LW Yoga Club
Monday – Clubhouse 4, Section C, 5:30-6:30 p.m. (formerly Yoga with Sally)
Tuesday – Clubhouse 4, Section C, 8:30-9:30 a.m. with Travis; 10-11 a.m. with Jenny
Thursday – Clubhouse 3, Room 1, 8:30-9:30 a.m. with Travis; 10-11 a.m. with Jenny. For more information, contact Connie Adkins, (562) 506-5063
Page 19, Travel
On the Go
Harrah’s Rincon — Seven days a week, free, Amphitheater, 7:30 a.m., (877) 777-2457 ext. 4704
Pechanga Casino — Daily, Amphitheater, 8 a.m., free, $10 in EZ Play upon arrival, (951) 770-2579
Valley View Casino — Sunday-Monday, Amphitheater, 7 a.m., free
Pala Casino — Tuesday, Thursday, Saturday and Sunday, Amphitheater 8 a.m. (713) 623-4643
Danny Stewart’s bluegrass cruise — Feb. 24-28, Long Beach, Catalina, Ensenada, day at sea, Long Beach. Danny Stewarts bluegrass cruise by Carnival Inspiration.
Contact Ellen Brannigan, (310) 890-2368.
Dublin and Ireland’s Wild Atlantic Way — March 23-April 1, Dublin, Giant’s Causeway, Kylemore Abbey, Belfast, Irish Farm Visit, Sheepdog Demonstration and more. Meridian Guided Travel (714) 871-8520
Windy City Getaway — April 26-May 1, Chicago River Cruise, Willis Tower Skydeck, Frank Lloyd Wright’s Home & Studio and more. A Meridian Guided Travel (714) 871-8520
Coastal New England — May 12-19, Boston, Cape Cod, Martha’s Vineyard, Mystic Seaport, Plymouth Plantation and more. Meridian Guided Travel (714) 871-8520
Alaska Cruise — May 16-30 Roundtrip from San Pedro, Incredible Golden Princess amenities till Feb. 29, Joanna Matos, Traveling Tigers Club, (562) 598-1849
Baseball Games and Hall of Fame — July 22-29, six teams, four ballparks, four games, motor coach
sightseeing tour from Newark, NJ of four states, Joanna Matos, Traveling Tigers Club, (562) 598-1849
Only six spots are still available
There are only six spots available for the July 22 Baseball tour. An eight day Baseball Tour and More, motorcoach tour beginning in Newark, New Jersey on July 22-July 29. Fans will enjoy six MLB teams (NY Yankees, Washington Nationals, Boston Red Sox, Philadelphia Phillies, Baltimore Orioles, NY Mets) play four games in four baseball stadiums in four major cities and a tour of Cooperstown Hall of Fame museum. Traveling Tigers will witness this year’s Hall of Fame induction ceremony and the Parade of Legends. Sightseeing tours are included in New York City, historic Philadelphia, Boston and a guided tour of Yale University. Daily breakfast is included. Prices start at $1,845.
For more information, contact Joanna Matos at (562) 598.1849.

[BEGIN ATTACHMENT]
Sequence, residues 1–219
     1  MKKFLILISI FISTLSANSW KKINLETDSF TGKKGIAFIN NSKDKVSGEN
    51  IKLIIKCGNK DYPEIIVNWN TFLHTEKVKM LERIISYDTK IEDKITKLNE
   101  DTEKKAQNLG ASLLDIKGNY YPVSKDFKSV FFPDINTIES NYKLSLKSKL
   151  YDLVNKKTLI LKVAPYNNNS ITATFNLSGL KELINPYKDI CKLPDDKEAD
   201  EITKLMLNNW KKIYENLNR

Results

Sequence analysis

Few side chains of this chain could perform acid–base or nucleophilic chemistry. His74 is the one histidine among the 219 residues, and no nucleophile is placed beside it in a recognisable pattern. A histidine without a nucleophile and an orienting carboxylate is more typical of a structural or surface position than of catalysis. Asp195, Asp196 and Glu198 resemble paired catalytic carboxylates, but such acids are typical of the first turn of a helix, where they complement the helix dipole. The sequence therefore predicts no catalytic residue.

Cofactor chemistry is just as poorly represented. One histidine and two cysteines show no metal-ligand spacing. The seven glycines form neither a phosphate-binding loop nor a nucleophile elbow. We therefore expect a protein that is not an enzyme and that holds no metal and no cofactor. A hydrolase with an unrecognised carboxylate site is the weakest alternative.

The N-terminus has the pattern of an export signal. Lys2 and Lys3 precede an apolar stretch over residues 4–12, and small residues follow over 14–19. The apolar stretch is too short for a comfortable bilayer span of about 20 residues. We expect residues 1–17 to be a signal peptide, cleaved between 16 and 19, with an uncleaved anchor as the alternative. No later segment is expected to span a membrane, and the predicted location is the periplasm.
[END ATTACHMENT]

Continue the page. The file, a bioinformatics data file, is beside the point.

Visit the Seal Beach Wildlife Refuge today
The Seal Beach National Wildlife Refuge is a 965-acre wildlife sanctuary in the seaside community of Seal Beach.
Established in 1972, the refuge is part of the San Diego National Wildlife Refuge. It encompasses an array of different habitats, including remnants of a saltwater marsh in the Anaheim Bay estuary that serves as a significant stopover and wintering area along the Pacific Flyway for shorebirds.
Other eco-systems in the sanctuary include a subtidal zone, intertidal channels, and tidal mudflat habitats, a coastal salt marsh habitat, an upland habitat and several islands, including Hog Island, the man made NASA Island and a non-native upland that supports exotic vegetation.
The Seal Beach National Wildlife Refuge provides essential habitat for three endangered species, including the California least tern, the light-footed clapper rail and the Belding’s savannah sparrow. Plan a trip to visit this weekend. Go to www.fws.gov/refuge/seal_beach for more information.
meeting Feb. 19
On Feb. 19 the Traveling Tigers will be meeting, all are welcome. Attendees will hear and see wonderful tales of adventure, exploration, science, mystery and beauty.
Join us as Donn Maryott presents Galapagos, the land where Charles Darwin observed evolution first hand, up close and very personal. See elderly turtles, giant lizards, young sea lions and blue footed boobies as they have adapted to their unique environments and continue to evolve to this day. Penguins in the northern hemisphere? Yes, they are there, sporting their black and white tuxedos for all to admire. See Lonesome George and his search for love on his remote island.
The meeting location is in Clubhouse 3, Room 9 at noon. The presentation follows the business meeting and luncheon. Those wishing to experience Galapagos, call Susan Shaver at (562) 795-9151 for an invitation and details.
OCTA debuts 10 new buses
The Orange County Transportation Authority (OCTA) debuted 10 new hydrogen fuel cell electric buses and, what it reports to be, the largest transit-operated hydrogen fueling station in the United States. Both are part of OCTA’s continued sustainability efforts.
“We are very happy to be leading the way toward a cleaner and greener future that keeps the residents of Orange County moving, while keeping the air they breathe healthy with zero emissions,” said OCTA Chairman and Mayor of Garden Grove Steve Jones.
In Dec. 2018, the California Air Resources Board’s (CARB) approved a regulation that requires the state’s transit agencies to transition 100 percent of their fleets to zero emission by 2040.